What on earth is a concrete poem? Well, for one thing, it's a lot more playful than a regular poem. The arrangement of letters or words, or the way the type--and even blank space--is placed on the page, or the typefaces chosen... all of these things can contribute to the creation of a concrete poem. In this marvelous collection selected by Paul B. Janeczko (Very Best (Almost) Friends
, etc.) and illustrated by Caldecott Honor artist Chris Raschka (Yo! Yes?
, etc.), you never know what might happen from page to page. In John Agard's "Skipping Rope Spell," for example, the words are shaped into four spirals, representing the motions of hands as they turn the jump rope. "A Seeing Poem," by Robert Froman, is printed in the shape of a light bulb. The words of the poem in conventional order go like this: "A seeing poem happens when words take a shape that helps them to turn on a light in someone's mind." And Monica Kulling's "Tennis Anyone?" covers two pages. The poem is split down the middle, so readers must swivel their heads back and forth as if they were watching a match! Raschka's unique, terrifically captivating illustrations, done in watercolor, ink, and torn paper, are a perfect match for the wackiness and joy of the poetry. (Ages 5 and older) --Emilie Coulter
From Publishers Weekly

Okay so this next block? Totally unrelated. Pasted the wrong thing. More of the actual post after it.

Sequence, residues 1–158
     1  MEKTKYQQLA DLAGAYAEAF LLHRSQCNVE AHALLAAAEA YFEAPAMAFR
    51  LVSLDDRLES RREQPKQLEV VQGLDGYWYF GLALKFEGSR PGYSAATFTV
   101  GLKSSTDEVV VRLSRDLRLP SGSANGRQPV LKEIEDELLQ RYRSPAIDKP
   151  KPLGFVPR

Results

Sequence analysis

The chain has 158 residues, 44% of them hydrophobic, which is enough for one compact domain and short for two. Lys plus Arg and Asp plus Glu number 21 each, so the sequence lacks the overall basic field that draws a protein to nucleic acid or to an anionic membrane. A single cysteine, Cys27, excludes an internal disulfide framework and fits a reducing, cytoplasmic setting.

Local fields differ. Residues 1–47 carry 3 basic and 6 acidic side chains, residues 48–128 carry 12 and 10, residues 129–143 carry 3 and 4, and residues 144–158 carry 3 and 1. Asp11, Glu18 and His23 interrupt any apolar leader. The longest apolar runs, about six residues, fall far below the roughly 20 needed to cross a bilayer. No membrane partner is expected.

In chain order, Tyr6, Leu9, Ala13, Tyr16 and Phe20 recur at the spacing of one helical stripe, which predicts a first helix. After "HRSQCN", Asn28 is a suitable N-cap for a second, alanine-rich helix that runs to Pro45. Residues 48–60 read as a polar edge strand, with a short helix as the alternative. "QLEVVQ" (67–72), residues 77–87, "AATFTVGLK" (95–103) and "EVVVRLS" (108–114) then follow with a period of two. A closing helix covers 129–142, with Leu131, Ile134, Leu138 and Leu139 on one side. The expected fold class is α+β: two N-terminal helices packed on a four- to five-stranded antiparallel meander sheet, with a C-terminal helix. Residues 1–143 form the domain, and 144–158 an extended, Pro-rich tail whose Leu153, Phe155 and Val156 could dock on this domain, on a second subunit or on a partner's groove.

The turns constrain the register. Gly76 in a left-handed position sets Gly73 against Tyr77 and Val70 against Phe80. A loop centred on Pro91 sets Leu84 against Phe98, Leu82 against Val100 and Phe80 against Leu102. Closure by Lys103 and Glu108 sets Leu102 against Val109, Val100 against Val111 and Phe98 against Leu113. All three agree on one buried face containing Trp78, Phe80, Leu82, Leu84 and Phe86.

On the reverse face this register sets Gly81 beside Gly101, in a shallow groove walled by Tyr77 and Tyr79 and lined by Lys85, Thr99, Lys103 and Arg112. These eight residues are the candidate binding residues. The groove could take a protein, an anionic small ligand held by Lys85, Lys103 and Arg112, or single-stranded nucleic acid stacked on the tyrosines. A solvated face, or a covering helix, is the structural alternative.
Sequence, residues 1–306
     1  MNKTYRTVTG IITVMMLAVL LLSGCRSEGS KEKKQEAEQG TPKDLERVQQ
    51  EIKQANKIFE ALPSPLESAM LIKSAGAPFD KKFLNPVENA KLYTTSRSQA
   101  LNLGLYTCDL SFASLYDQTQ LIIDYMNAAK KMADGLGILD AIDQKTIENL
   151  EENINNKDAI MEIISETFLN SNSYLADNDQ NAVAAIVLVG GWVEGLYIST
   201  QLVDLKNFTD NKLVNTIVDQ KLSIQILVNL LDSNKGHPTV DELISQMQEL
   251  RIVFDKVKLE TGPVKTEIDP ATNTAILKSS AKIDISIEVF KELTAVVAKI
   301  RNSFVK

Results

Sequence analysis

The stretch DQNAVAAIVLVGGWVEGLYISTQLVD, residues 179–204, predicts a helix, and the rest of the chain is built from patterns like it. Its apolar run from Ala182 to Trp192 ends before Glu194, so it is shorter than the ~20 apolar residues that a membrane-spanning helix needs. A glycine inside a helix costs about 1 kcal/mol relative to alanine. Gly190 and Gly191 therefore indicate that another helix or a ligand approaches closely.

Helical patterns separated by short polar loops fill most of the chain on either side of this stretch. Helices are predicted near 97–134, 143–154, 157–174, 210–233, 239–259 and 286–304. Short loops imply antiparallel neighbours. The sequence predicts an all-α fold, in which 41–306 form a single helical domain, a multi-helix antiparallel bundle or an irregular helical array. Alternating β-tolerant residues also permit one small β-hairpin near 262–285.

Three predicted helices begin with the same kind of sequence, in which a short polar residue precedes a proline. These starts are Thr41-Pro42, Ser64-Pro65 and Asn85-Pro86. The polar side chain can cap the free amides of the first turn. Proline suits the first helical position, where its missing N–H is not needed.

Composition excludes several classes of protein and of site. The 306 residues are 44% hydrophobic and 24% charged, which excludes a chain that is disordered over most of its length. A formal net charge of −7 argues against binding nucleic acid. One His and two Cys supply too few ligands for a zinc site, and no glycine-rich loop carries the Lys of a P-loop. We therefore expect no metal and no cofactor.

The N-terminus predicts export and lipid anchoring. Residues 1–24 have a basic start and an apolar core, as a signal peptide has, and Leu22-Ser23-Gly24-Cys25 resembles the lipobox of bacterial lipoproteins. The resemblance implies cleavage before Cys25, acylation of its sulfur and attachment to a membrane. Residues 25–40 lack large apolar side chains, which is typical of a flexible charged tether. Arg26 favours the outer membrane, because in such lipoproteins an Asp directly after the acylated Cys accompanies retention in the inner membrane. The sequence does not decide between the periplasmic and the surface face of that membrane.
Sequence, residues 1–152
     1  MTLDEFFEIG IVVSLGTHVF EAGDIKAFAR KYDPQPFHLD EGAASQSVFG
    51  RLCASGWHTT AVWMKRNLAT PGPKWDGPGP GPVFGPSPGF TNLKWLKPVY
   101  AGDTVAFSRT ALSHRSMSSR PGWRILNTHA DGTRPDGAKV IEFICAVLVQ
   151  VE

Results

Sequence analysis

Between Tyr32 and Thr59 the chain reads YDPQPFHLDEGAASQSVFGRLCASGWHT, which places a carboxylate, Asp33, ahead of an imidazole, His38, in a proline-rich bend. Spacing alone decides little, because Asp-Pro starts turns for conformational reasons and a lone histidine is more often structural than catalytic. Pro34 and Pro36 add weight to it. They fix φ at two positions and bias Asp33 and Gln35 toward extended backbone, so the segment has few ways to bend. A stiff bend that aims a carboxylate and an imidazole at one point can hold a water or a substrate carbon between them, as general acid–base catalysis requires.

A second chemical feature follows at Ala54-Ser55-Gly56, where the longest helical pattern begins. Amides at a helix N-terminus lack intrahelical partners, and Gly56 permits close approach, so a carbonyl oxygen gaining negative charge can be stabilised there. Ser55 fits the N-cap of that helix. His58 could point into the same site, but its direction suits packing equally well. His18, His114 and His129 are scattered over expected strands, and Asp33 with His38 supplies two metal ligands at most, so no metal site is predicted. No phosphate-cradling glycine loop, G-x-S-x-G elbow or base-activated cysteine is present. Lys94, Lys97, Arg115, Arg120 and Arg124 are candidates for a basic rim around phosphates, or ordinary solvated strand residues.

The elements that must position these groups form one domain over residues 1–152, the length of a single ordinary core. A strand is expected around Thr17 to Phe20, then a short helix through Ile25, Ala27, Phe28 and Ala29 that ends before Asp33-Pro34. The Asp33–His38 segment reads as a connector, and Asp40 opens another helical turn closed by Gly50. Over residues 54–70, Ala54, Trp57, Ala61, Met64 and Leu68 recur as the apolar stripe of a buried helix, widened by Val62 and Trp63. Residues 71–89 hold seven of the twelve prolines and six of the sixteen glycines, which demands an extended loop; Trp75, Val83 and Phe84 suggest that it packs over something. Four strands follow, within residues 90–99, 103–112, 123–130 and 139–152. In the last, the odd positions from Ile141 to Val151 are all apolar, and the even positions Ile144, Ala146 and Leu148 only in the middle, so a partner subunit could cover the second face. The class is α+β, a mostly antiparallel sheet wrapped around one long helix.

On this book's cover, a winking man nudges a letter "I" with his umbrella. This multilayered image, with its homonym and visual game, provides a stimulating introduction to 30 concrete poems by various authors. Throughout the volume, crisp black words on spotless backgrounds do double-duty as concepts and physical objects. Raschka (Waffle, reviewed below) works in tandem with each poem's design; for example, he fashions the palindrome "eyeleveleye" as a bar across three faces, with each pair of "E's" standing for eyes, and the giddy eat-it-before-it-melts "Popsicle" presents a block of words atop vertical letters spelling "sticky," as a nearby ice cream vendor gazes out from the page. Other poems contradict top-to-bottom reading conventions. The phrases of "Sky Day Dream" ("Once I saw/ some crows/ fly off...") ascend the page, diminishing in size as though growing distant. For the spread "Tennis Anyone?" words and artwork suggest a tennis court with the gutter as the net, so that readers glance from side to side as though watching a volley. Janeczko (Very Best [almost] Friends) selects economical works that allow plenty of space for reflection. "Whee" offers a slope of six single-syllable words ("Packed snow steep hill fast sled") and a scattered group of rag-doll figures; another piece simply joins "merging" to "traffic." Raschka's restrained collages of calligraphic watercolor lines and torn paper leave most everything to the shaped poems. He and Janeczko provide an uncluttered, meditative space for the picturesque language. All ages.
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